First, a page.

In market sizing and forecasting, we’re often tasked with estimating large data tables with limited data or only tables of subtotals. For example, one might know the number of people employed in the a country by age range, as well as the gender breakdown of total employment without age. Using iterative proportion fitting with these two data series, one can estimate the number of people employed by age range AND gender.

Iterative proportion fitting (IPF) has been used in market analysis for over 30 years. This package integrates the methodology, along with some more expansions of this technique, into the tidyverse in R.

The ipfitr package for R allows the user to input multiple high-level summary/aggregate data tables and create a single, full-dimension data table estimating individual cell values using iterative proportion fitting.

Data: Three one-dimensional targets

To explore the function in the ipfitr package, we’ll use the base R dataset HairEyeColor which contains 4 hair colors, 4 eye colors, and 2 genders, along with the number of people who have each of those 32 (4x4x2) combinations.

But for now, let’s assume we don’t have that much detail. Instead we have 3 tables containing the total number of people with each hair color, total number with each eye color, and total number of each gender.

Note that the total number of people in each of the tables is equal. This is an important (but not required) feature of iterative proportion fitting. More on this later.

Expanding data with ip_expand()

The ipfitr package can be used to estimate how many people have each combination of hair color, eye color, and gender. (Remember, we’re ignoring the original data frame.) This takes our 10 data points (4+4+2) and creates 32 data points (4x4x2), while ensuring the 10 target data points remain true.

ip_expand() is a wrapper function, performing two key IPF functions in a single step. First, the function takes all the targets (3 here) and creates a “seed” data frame that contains all combinations of the unique series in the targets along with a seed value of 1. From there, a fitting function takes over, scaling the seed value iteratively to each of the targets until all targets are met.

This is equivalent to running the two functions independently:

dat_1 <- ip_create_seed(tar_list) %>% ip_fit(tar_list)

Initializing the seed values at 1 implies that one has no additional information about the relative distribution of the elements in the final output. In this example, the user has no additional information about the distribution of hair color, eye color, and sex, so the IPF distributes the count of people evenly across the seed until the three targets are met.

This doesn’t give us the “correct” answer, which is unknown, but does tell us the most likely answer.

Seeding the IPF with ip_create_seed()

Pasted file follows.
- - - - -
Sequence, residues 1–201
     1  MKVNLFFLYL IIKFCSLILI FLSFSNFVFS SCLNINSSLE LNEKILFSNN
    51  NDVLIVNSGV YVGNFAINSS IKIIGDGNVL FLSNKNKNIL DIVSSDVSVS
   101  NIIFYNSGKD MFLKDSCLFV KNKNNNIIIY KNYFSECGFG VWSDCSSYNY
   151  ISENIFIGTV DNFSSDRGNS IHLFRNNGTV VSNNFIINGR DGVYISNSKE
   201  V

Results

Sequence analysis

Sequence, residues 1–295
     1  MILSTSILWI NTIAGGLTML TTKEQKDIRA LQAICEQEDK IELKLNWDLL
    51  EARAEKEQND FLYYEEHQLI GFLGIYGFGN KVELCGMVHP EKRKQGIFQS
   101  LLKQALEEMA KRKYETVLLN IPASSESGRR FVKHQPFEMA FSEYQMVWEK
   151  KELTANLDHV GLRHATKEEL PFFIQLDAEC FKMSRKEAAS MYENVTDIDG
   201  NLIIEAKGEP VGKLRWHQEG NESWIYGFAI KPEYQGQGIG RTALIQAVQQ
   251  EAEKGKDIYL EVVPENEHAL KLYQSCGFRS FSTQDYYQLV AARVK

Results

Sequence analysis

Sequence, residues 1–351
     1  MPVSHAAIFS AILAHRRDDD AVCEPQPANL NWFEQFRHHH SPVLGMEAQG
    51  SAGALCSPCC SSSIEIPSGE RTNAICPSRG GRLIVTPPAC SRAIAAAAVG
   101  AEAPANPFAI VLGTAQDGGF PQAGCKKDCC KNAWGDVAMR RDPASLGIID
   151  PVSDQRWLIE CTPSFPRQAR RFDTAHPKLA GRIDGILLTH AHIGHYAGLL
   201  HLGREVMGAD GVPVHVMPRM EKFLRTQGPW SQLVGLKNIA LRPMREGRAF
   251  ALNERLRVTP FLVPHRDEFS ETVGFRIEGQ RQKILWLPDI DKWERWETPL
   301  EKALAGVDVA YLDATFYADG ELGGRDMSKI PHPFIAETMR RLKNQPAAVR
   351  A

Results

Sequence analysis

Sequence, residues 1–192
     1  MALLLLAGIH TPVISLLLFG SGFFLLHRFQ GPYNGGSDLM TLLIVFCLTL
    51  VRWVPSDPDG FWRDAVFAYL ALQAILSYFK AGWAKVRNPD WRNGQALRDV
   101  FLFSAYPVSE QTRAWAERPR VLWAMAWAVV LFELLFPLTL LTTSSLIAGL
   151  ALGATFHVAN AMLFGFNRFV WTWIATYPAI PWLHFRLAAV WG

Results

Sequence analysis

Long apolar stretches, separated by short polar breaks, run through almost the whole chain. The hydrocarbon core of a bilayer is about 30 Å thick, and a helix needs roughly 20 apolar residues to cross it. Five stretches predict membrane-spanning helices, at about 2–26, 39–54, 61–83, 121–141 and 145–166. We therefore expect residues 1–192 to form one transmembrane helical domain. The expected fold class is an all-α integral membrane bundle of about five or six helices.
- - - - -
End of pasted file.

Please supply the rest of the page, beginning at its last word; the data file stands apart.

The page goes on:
Alternatively, suppose we learn that people with blond hair are much more likely to have blue eyes. You can implement this vague piece of information using the seed. This information should impact both females and males, so we increase all seed values for blond hair and blue eyes by a factor of 4.

Applying this updated seed to the targets changes each of the 32 estimates while still ensuring the three target values are hit.

You’ll notice that increasing the seed for blond hair and blue eyes by a factor of 4 increases the output for those elements, but by less than 4x. This change to the seed increases the intial starting point for blond hair for relative to eye colors and then blue eyes compared to all hair colors. From there, the scaling take over, redistributing people assigned to each row until all targets are met.

The seed values do not need to be based around 1 - any non-negative values will work. For example, you could use a completely different data frame with counts of a completely different sample of people by hair color, eye color, and gender if you believe the distributions are similar.

Any seed values of 0 will remain 0 in the final IPF output. For example, if you know for sure that there are no green-eyed, red-haired males in the sample, setting the seed here to 0 will retain that 0 in the final results.

Masking the seed with ip_mask_seed()

In some cases, you will want to make many edits to the seed and using mutate() + ifelse() can become burdensome. As an alternative, you can use ip_mask_seed(). See this vignette for more detail.

Implementing specific information with ip_fit()

The seed informs the starting “best guess” of the distribution of people by the three series. Alternatively, you may start out knowing the “true” value for one or more of the full combinations. For example, suppose you had external information telling you that there are 66 brown-haired, brown-eyed females in your sample, as well as 5 blond hazel-eyed females.

The final output of ip_fit() will need to reflect this information, while also considering the seed and the target subtotals. In this case, we will “freeze” the output for those two new datapoints.

Similar options are available for cases when you have incomplete targets or only know the approximate ranges of subsets of the data. See the freeze vignette or the min/max vignette for more detail.